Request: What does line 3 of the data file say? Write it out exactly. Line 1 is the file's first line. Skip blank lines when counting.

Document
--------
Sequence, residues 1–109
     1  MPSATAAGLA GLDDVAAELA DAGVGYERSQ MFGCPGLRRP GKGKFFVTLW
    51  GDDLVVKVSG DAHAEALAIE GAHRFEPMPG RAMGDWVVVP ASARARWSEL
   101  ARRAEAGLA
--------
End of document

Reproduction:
    51  GDDLVVKVSG DAHAEALAIE GAHRFEPMPG RAMGDWVVVP ASARARWSEL